I learned a lot of great things during this period. I’ve particularly loved learning about the Feasts and how Jesus fulfilled them. It’s really quite fascinating. I’ve loved celebrating these holy days and I’m pretty sure I’ll keep Saturday Sabbath until the day I die. I learned about rhythms and cycles, which is glaringly absent from Evangelical/Charismatic Christianity. At least the more older denominations actually keep traditions and rituals, which are meant to be reminders of spiritual truths. These cycles and rhythms help put us in harmony with the true nature of life.

I wrote an awesome song in response to the “Proclaim the Name Campaign” by Keith Johnson and Nehemia Gordon. I still haven’t worked out the chords or completely finished the song, but one day I would love to have the opportunity to record this song with a full band because it’s pretty awesome. Here’s me singing a clip of it:

However, there was a darker side to all of this, and that was the rejection of anything that had the slightest whiff of paganism. In the Torah, God commanded the Israelites not to worship him in the same ways the pagans worshipped their gods. We all remember what happened with the golden calf incident? Read the text carefully and you’ll notice that the Israelites did not think they were worshipping another god. They actually thought they were worshipping YHVH. They created the calf to represent him and worshipped him through it. And God was NOT happy about that. In fact, one of the reasons God had the Israelites exiled from the land was because they began adopting many pagan worship practices.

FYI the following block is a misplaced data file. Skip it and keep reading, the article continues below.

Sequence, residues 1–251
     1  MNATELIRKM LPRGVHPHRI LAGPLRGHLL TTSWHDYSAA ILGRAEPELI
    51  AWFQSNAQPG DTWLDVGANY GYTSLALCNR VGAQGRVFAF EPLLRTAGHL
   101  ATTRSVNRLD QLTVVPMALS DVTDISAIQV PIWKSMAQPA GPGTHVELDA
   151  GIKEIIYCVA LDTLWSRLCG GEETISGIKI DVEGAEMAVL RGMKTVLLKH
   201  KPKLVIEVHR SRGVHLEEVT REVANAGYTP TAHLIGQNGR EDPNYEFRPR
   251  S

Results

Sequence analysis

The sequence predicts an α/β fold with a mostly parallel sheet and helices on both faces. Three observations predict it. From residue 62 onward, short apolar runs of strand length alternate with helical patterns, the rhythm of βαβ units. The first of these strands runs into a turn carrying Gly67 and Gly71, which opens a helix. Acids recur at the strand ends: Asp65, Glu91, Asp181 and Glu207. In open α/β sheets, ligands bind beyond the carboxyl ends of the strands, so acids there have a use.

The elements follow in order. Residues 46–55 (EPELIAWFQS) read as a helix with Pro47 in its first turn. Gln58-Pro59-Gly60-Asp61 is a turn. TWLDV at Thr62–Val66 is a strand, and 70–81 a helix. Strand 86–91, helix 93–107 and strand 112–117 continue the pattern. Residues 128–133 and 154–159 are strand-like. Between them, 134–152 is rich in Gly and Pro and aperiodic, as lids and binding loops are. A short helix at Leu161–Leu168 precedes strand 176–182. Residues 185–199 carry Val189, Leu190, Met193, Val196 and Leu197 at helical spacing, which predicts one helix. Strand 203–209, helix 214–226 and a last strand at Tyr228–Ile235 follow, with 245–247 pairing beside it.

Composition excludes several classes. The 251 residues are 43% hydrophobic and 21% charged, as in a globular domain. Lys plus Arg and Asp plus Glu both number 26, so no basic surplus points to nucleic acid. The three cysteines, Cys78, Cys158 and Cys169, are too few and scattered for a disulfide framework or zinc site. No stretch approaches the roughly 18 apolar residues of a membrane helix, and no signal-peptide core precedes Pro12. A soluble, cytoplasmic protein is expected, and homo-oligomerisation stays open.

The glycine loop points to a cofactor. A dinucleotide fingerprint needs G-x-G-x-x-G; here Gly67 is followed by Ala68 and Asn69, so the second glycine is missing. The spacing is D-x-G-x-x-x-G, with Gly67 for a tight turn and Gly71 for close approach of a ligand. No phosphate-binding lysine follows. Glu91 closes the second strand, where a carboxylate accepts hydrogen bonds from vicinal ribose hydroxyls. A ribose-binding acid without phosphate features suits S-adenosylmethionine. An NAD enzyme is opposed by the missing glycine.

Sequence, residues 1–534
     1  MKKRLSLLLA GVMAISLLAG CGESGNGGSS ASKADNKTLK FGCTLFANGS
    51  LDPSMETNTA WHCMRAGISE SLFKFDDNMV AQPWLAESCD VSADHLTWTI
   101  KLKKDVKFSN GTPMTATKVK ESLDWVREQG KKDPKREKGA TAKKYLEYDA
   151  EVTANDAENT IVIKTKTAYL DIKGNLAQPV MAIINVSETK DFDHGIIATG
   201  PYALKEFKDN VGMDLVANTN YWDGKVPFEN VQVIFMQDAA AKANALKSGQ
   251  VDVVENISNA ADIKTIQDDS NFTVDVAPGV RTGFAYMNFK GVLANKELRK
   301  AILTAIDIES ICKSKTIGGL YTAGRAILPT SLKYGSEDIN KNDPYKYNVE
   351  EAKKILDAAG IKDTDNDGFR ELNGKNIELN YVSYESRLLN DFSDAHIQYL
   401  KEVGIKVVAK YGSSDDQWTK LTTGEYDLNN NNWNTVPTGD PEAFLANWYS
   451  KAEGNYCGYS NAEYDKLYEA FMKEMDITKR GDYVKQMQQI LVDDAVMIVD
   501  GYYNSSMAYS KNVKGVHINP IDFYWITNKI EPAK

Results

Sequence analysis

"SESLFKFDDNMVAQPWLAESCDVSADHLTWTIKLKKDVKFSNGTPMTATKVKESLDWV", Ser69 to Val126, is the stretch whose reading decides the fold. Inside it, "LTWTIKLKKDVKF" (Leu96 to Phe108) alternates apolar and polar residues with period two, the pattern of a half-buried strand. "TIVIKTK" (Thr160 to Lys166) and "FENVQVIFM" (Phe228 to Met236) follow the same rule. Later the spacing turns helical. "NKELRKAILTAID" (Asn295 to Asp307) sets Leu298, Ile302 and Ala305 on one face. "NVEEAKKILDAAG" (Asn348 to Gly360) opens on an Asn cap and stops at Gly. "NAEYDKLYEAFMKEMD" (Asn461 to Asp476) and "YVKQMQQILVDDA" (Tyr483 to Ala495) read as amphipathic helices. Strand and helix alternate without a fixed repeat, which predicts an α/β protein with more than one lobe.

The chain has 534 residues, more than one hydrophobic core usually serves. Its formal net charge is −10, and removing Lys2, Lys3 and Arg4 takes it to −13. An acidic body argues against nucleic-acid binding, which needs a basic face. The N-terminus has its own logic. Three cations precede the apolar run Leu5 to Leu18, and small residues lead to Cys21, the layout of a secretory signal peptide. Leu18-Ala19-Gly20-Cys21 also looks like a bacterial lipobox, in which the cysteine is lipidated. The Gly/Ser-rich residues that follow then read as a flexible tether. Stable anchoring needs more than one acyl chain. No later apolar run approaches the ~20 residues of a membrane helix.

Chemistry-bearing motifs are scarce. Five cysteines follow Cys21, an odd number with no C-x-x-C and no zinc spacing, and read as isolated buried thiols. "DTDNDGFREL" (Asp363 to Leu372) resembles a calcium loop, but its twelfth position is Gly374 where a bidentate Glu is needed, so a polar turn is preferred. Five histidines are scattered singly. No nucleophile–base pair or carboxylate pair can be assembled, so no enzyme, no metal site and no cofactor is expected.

As it turns out, a great many Christian practices are actually pagan in origin. Christmas and Easter are the big ones. I learned about the pagan origins of Christmas when I was 16 and working in a library. I came across a book on the topic and was horrified. I actually felt betrayed and lied to by the Church and couldn’t understand why we celebrated this holiday. I tried to boycott Christmas at the time but it didn’t quite stick back then. This was during the time when Christians were just starting to get mad about “the war on Christmas”, and claimed we needed to “put Christ back in Christmas!” And I wanted to reply screaming, “Christ was never IN Christmas!!!”

As soon as I got on board with the Torah, I started a vigilant crusade to rid my life of all pagan influences. This even included C.S. Lewis’ The Chronicles of Narnia because WOW there is sooo much paganism and Greek mythology all up in this series of Christian allegory. Out the door went so much, from entertainment to religious rituals and symbols. I began to be paranoid and suspicious about everything. It started to get a little insane. But God said no to all these things and so I must obey. I didn’t want anything to stand between me and my relationship with God. For seven years I exhausted myself in a never-ending quest to be holy as he is holy. Even my husband noticed I was taking things too far. I was just trying to be consistent with my beliefs! If I say I love God then I should do whatever he says, even when its difficult or unpopular! Although I look back and think I was so blind at the time, I will always respect and admire the level of dedication I exhibited. And I believe it was that extreme dedication and zeal which eventually broke me free from it all.

But before I can continue telling my spiritual journey, I have to back up and start telling my health journey…

Tomorrow I’ll share about my health crisis nine years ago and it’s lasting effects.